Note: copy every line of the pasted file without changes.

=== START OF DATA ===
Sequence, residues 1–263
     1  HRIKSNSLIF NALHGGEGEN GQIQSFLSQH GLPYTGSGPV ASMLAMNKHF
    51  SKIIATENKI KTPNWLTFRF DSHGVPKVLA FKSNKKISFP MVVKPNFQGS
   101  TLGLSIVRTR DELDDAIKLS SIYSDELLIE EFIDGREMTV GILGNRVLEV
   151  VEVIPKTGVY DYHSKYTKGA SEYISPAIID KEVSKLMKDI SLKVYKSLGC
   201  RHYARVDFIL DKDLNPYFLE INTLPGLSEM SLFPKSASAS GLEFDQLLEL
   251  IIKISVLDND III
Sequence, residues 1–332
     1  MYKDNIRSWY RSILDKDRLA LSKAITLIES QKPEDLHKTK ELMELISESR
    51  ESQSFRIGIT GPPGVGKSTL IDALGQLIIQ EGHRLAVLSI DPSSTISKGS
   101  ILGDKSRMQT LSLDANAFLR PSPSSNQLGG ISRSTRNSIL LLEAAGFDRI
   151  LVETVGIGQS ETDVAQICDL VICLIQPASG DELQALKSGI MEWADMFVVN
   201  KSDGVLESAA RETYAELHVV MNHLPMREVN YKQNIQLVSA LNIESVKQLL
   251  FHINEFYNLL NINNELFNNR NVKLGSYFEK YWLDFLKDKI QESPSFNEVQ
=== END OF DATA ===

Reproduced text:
Sequence, residues 1–263
     1  HRIKSNSLIF NALHGGEGEN GQIQSFLSQH GLPYTGSGPV ASMLAMNKHF
    51  SKIIATENKI KTPNWLTFRF DSHGVPKVLA FKSNKKISFP MVVKPNFQGS
   101  TLGLSIVRTR DELDDAIKLS SIYSDELLIE EFIDGREMTV GILGNRVLEV
   151  VEVIPKTGVY DYHSKYTKGA SEYISPAIID KEVSKLMKDI SLKVYKSLGC
   201  RHYARVDFIL DKDLNPYFLE INTLPGLSEM SLFPKSASAS GLEFDQLLEL
   251  IIKISVLDND III
Sequence, residues 1–332
     1  MYKDNIRSWY RSILDKDRLA LSKAITLIES QKPEDLHKTK ELMELISESR
    51  ESQSFRIGIT GPPGVGKSTL IDALGQLIIQ EGHRLAVLSI DPSSTISKGS
   101  ILGDKSRMQT LSLDANAFLR PSPSSNQLGG ISRSTRNSIL LLEAAGFDRI
   151  LVETVGIGQS ETDVAQICDL VICLIQPASG DELQALKSGI MEWADMFVVN
   201  KSDGVLESAA RETYAELHVV MNHLPMREVN YKQNIQLVSA LNIESVKQLL
   251  FHINEFYNLL NINNELFNNR NVKLGSYFEK YWLDFLKDKI QESPSFNEVQ